This Old Man's Advice Is The Most Accurate Description Of Grief Ever

This Old Man’s Advice Is The Most Accurate Description Of Grief Ever

screenshot / Reddit

“My friend just died. I don’t know what to do.”

It was a simple Reddit post — a mere 10 words — synopsizing an experience we will all have to go through at some point in our lives. The death of a loved one is an inevitable part of the human experience and also one of the hardest things to handle.

Most people struggle with what to say to someone who has lost a friend or family member. There are no words that will guarantee comfort for a grieving person. However, a wise elder posted a response that might be as close to perfect as one can get:

“Alright, here goes. I’m old. What that means is that I’ve survived (so far) and a lot of people I’ve known and loved did not. I’ve lost friends, best friends, acquaintances, co-workers, grandparents, mom, relatives, teachers, mentors, students, neighbors, and a host of other folks. I have no children, and I can’t imagine the pain it must be to lose a child. But here’s my two cents.”

He goes on to say that even though he has had a lot of experience with death, he never got used to it — nor does he want to.

“It tears a hole through me whenever somebody I love dies, no matter the circumstances,” he wrote. “But I don’t want it to ‘not matter.’ I don’t want it to be something that just passes. My scars are a testament to the love and the relationship that I had for and with that person. And if the scar is deep, so was the love. So be it. Scars are a testament to life. Scars are a testament that I can love deeply and live deeply and be cut, or even gouged, and that I can heal and continue to live and continue to love. And the scar tissue is stronger than the original flesh ever was. Scars are a testament to life. Scars are only ugly to people who can’t see.” Wow, talk about a gut punch.

He uses a metaphor of a shipwreck to then describe the way grief affects a person’s life. “As for grief, you’ll find it comes in waves. When the ship is first wrecked, you’re drowning, with wreckage all around you. Everything floating around you reminds you of the beauty and the magnificence of the ship that was, and is no more. And all you can do is float. You find some piece of the wreckage and you hang on for a while. Maybe it’s some physical thing. Maybe it’s a happy memory or a photograph. Maybe it’s a person who is also floating. For a while, all you can do is float. Stay alive.”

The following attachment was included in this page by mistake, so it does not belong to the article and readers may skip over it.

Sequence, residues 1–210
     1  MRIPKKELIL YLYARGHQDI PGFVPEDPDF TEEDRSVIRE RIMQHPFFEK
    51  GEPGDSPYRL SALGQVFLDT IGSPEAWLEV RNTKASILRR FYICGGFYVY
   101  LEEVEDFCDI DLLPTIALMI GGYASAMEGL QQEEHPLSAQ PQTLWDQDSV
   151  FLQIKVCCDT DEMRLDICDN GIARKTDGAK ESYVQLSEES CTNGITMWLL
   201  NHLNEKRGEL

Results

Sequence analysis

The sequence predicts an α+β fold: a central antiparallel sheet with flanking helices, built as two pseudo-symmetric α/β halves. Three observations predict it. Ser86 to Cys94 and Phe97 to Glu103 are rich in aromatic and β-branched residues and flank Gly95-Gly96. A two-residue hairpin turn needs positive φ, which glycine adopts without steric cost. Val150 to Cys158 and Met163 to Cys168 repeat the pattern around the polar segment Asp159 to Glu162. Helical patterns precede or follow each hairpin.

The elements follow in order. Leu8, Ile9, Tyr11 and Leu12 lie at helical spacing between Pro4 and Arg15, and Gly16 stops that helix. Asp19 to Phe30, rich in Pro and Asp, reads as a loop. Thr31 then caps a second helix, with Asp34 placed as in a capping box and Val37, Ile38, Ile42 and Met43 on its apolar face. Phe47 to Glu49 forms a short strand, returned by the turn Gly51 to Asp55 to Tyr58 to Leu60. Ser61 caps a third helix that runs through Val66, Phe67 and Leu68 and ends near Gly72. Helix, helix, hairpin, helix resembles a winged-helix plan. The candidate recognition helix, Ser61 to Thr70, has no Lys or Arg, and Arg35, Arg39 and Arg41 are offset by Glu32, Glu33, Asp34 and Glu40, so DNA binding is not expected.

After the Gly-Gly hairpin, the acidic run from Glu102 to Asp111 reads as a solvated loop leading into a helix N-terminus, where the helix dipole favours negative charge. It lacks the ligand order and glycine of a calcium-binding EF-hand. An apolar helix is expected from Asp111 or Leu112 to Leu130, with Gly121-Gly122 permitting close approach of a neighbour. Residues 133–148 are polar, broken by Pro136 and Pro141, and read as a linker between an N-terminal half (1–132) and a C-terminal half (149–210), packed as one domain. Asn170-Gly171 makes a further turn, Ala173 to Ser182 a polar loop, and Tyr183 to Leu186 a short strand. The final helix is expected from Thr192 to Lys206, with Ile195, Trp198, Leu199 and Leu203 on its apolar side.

In other words, just hang on.

“In the beginning, the waves are 100 feet tall and crash over you without mercy,” he continued. “They come 10 seconds apart and don’t even give you time to catch your breath. All you can do is hang on and float. After a while, maybe weeks, maybe months, you’ll find the waves are still 100 feet tall, but they come further apart. When they come, they still crash all over you and wipe you out. But in between, you can breathe, you can function. You never know what’s going to trigger the grief. It might be a song, a picture, a street intersection, the smell of a cup of coffee. It can be just about anything, and the wave comes crashing. But in between waves, there is life.”

Grief is tricky that way, he admits, but he also offers readers hope that things will get better — maybe just a little bit, but they will get better.

“Somewhere down the line, and it’s different for everybody, you find that the waves are only 80 feet tall. Or 50 feet tall. And while they still come, they come further apart. You can see them coming. An anniversary, a birthday, or Christmas, or landing at O’Hare. You can see it coming, for the most part, and prepare yourself. And when it washes over you, you know that somehow you will, again, come out the other side. Soaking wet, sputtering, still hanging on to some tiny piece of the wreckage, but you’ll come out.”

And now we’re sobbing.

“Take it from an old guy. The waves never stop coming, and somehow you don’t really want them to. But you learn that you’ll survive them. And other waves will come. And you’ll survive them too. If you’re lucky, you’ll have lots of scars from lots of loves. And lots of shipwrecks.”

It’s hard to follow that up with any kind of eloquence. This old man described the mourning process in a way that I think would resonate with anyone who has been through the death of a loved one.

A few years ago, my husband’s mom got a pancreatic cancer diagnosis and passed away eight weeks later. She had always been a healthy and vibrant woman, and her death was a shock and a blow to our family. We loved her deeply and felt her loss to our core.

But the pain of loss is the price we pay for loving. When it comes down to it, grief is really nothing but love. It’s love that makes our relationships with friends and family so meaningful, yet it’s also what makes saying goodbye to them so difficult.

And grief does come in waves. Some you can predict, and some you can’t. We always know Thanksgiving will be hard because it was my mother-in-law’s holiday. We feel her absence more intensely then, as the memories wash over us. It hits at random times, too, when we hear certain songs or see something that would have made her smile, but it’s gotten easier to manage those moments over time.

Waves. Scars. Shipwrecks. There is a deep beauty in all of it. We wouldn’t wish for the pain, but at the same time, we wouldn’t want to live in a way that avoided having to endure it either. It’s all part of the beautiful, brutal reality of loving our way through this life.

Thank goodness the wisdom of someone farther down that road can help us see it.